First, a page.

I am looking for a way to distribute the load of the agents over multiple paths. Ideally, the calculation would be executed multiple times a tick.

One use case would be for traffic balancing for a set of vehicles going from point A to B. When a road gets congested, the AI would know to change path to get to the location more efficiently. Best way to visualize this is the traffic issue in every simcity-like game.

The worst case I can think of for now is to just perform A* with a modifier attached to the cost function. I can think of ways to optimize this but it will eventually stack up.

Are there better alternatives?

  • \$\begingroup\$ We don't support questions asking for technology recommendations. Please read the help center. \$\endgroup\$
    – Bálint
    Oct 17, 2017 at 14:21
  • \$\begingroup\$ @Bálint I rephrased the question to ask for the existence of such an algorithm \$\endgroup\$
    – DarkDestry
    Oct 17, 2017 at 14:52
  • 1
    \$\begingroup\$ I've never heard of this referred to as load balancing path finding (to me that suggests the problem of splitting the work evenly among multiple cores), I've always heard of it as multi agent pathfinding. Sometime the problem includes formations (coordinated movement) constraints; algorithms exist for both variants, searching with the correct terms will yield several. \$\endgroup\$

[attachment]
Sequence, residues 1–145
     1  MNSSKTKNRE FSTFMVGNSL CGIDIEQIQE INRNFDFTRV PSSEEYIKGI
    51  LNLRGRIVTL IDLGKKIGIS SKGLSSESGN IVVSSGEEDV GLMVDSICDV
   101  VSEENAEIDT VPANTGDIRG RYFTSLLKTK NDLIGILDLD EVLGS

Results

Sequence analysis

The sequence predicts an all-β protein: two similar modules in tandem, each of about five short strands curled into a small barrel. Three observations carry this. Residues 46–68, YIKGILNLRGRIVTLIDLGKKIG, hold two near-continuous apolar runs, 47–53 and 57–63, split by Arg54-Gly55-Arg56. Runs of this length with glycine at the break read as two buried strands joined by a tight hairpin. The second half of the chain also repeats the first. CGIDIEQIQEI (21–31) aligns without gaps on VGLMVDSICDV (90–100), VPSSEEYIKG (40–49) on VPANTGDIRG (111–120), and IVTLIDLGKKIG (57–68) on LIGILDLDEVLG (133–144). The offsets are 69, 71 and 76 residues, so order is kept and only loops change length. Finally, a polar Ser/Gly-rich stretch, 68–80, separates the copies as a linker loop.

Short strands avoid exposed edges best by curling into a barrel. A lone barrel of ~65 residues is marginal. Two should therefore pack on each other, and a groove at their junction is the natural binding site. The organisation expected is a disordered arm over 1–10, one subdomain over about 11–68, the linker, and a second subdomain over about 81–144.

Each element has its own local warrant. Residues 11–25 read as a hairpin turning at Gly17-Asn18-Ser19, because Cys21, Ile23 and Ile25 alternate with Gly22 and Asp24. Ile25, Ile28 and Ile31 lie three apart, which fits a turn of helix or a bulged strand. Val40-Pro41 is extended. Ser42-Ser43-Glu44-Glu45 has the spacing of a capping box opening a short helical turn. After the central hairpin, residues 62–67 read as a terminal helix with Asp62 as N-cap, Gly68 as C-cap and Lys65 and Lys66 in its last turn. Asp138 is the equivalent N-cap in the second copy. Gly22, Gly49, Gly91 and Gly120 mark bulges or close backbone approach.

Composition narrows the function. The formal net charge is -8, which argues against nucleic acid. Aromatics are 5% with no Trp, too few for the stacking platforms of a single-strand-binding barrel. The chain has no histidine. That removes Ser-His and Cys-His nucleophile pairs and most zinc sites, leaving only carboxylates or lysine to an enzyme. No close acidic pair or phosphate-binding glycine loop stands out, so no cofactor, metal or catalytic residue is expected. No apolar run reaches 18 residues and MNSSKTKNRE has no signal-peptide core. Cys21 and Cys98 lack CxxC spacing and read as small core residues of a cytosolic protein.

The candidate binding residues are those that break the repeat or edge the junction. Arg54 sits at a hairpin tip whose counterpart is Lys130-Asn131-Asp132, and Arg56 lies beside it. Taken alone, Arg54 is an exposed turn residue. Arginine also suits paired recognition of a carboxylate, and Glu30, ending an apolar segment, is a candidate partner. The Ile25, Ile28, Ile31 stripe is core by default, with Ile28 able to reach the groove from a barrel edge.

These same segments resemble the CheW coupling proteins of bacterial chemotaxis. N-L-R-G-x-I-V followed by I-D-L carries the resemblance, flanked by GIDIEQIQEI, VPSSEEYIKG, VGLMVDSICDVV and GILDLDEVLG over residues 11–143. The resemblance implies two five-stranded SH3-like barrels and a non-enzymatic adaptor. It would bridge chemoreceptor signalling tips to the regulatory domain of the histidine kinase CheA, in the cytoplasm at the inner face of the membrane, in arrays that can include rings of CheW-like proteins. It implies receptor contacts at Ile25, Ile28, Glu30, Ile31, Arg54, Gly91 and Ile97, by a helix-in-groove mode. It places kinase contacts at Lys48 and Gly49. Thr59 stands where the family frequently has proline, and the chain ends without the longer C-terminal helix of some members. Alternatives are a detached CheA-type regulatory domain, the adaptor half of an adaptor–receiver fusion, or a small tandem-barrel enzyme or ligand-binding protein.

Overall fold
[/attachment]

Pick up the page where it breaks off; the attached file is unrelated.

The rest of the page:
– Pikalek
    Oct 18, 2017 at 20:34
  • \$\begingroup\$ @Pikalek Thanks for informing me of the correct terms. \$\endgroup\$
    – DarkDestry
    Oct 30, 2017 at 9:48

1 Answer 1


Load Balancing is used confusingly here, but yes, there are path finding algorithms that consider congestion.

This answer briefly introduces Continuum Crowds algorithm that will avoid congestion, and will even prefer paths that "go with the flow" over going "against the flow."

It does not just solve how to get from A to B, as A-Star does. Instead it solves how to go from anywhere on the map, to B. The agent then just follows a gradient, which is dynamically updated as congestion changes: if a door suddenly opens, agents will change their course if it benefits them, until the doorway gets flooded, and they adapt again.

Look at the videos linked by the stackexchange answer I mentioned.

Note that for small crowd sizes, Continuum Crowds is a lot more expensive. Yet for huge crowd sizes, Continuum Crowds is much more efficient than doing many A* paths.


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